A British pharmaceutical company has been fined for cutting deals with its competitors to prevent them from putting alternative products on the market.
GlaxoSmithKline (GSK), a British pharmaceutical company headquartered in London, and several other firms have been fined by the Competition and Markets Authority (CMA) for being anti-competitive, according to the BBC. The CMA found that between 2002 and 2004, GSK made over $72 million in payments to rival companies that agreed to delay the release of a generic alternative, called paroxetine, to Seroxat, the company’s anti-depressant medication.
As a result of the fines, GSK will have to pay $54,551,662 to the British authority. The companies that accepted the payments, which include Generics UK, Merck, Alpharma, Activis UK, and Xellia Pharmaceuticals, will have to pay $10,734,440.
The CMA also said that GSK’s actions allowed the generic companies to take in profits without increasing competition by bringing small amounts of paroxetine to market instead of GSK. The actions were called “illegal behavior” by Michael Grenfell, a spokesman for the CMA.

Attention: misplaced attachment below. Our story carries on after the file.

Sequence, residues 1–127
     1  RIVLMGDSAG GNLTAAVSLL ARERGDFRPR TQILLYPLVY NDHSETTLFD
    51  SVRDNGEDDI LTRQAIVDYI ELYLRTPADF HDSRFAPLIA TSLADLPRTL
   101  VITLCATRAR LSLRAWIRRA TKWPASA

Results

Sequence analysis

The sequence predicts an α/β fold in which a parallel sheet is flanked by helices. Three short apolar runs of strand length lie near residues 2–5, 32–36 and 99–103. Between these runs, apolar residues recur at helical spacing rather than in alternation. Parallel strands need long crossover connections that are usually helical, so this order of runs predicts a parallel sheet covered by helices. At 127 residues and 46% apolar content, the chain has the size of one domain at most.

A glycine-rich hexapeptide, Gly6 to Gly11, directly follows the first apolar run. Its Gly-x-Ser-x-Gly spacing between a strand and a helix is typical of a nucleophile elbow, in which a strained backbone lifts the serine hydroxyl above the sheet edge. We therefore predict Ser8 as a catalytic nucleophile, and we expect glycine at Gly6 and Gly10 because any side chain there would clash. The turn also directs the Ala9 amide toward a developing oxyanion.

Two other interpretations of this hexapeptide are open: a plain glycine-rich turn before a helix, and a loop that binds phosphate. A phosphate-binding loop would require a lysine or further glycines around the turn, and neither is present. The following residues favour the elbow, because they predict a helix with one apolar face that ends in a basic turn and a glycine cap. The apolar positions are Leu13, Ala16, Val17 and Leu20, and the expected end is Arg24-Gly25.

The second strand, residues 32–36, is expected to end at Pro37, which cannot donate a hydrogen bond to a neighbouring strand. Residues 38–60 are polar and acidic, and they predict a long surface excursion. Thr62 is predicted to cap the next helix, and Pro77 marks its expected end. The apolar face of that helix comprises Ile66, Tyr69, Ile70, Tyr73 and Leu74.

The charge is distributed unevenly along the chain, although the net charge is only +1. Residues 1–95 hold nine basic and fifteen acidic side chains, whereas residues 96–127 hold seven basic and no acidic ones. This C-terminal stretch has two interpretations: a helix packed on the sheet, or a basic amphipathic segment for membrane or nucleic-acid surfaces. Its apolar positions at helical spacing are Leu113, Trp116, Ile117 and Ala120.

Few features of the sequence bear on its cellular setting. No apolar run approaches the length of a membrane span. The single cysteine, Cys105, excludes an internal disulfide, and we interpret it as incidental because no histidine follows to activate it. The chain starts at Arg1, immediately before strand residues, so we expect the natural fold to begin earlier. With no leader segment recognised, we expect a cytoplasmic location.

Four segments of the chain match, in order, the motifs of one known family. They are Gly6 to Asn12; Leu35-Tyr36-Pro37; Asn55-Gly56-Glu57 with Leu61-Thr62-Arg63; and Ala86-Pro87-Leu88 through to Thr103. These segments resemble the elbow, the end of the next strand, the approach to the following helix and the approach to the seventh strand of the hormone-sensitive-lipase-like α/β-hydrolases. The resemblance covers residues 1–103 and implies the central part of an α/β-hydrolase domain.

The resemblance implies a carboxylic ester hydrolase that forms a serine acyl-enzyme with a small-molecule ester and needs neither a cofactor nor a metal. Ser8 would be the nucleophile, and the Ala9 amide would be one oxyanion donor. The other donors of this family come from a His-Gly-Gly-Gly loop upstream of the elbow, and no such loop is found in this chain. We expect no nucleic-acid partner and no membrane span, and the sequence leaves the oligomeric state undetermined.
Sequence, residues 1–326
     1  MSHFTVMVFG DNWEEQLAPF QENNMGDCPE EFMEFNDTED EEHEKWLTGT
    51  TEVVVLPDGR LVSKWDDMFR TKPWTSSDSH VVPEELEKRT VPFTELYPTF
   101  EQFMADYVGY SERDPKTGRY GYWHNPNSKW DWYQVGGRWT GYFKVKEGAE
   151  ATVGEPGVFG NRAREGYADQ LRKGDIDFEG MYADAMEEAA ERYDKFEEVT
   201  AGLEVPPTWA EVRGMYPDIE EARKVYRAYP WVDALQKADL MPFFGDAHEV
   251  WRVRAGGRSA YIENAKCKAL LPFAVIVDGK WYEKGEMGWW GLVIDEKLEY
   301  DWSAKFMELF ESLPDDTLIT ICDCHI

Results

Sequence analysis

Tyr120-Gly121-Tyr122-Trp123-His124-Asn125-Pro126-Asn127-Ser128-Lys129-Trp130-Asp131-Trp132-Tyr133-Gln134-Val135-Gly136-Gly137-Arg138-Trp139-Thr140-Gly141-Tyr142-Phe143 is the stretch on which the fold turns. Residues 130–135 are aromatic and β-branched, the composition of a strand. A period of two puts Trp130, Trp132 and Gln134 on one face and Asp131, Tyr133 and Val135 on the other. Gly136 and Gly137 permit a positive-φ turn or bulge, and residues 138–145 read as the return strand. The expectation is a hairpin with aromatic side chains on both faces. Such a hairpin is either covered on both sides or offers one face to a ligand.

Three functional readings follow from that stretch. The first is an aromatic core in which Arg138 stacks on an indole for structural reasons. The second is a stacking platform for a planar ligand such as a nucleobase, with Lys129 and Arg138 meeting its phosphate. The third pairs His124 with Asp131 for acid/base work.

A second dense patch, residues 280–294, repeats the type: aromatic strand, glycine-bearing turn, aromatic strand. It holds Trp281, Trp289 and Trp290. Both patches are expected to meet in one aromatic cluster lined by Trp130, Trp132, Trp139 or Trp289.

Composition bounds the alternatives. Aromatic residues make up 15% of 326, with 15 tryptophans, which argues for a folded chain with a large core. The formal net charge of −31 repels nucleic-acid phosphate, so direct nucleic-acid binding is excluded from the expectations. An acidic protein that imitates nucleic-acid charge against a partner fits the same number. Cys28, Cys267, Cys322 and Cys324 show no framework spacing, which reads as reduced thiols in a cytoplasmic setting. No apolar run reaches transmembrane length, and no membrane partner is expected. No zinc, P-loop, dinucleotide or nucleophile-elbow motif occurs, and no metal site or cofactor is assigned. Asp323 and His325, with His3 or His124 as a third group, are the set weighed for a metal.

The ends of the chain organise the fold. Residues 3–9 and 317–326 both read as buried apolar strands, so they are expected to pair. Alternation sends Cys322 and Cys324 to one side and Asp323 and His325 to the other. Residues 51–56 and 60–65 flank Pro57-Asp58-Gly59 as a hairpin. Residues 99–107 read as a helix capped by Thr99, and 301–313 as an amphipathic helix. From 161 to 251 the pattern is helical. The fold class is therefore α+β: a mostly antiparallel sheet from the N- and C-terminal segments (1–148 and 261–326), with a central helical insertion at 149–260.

"Today's decision sends out a strong message that we will tackle illegal behavior that is designed to stifle competition at the expense of customers — in this case, the NHS and, ultimately, taxpayers,” Grenfell said, according to the BBC.
The CMA has argued that the actions allowed GSK to artificially raise the price of the drug because it effectively did not have any competitors for the time period it was making deals with the generic companies. The agency pointed out that average prices for the drug fell more than 70 percent after paroxetine entered the market properly at the end of 2013.
GSK, however, disagrees with the ruling and is considering appealing the fines. The company argues that it saved the UK’s National Health Service (NHS) money in the long-term and actually brought the drug forward sooner than it would have otherwise.
"GSK and the generics companies entered into these agreements at the time in order to settle costly, complex and uncertain patent disputes," its spokesperson said, according to the BBC. "The agreements allowed the generics companies to enter the market early with a paroxetine product and ultimately enabled a saving of over $21 million to the NHS."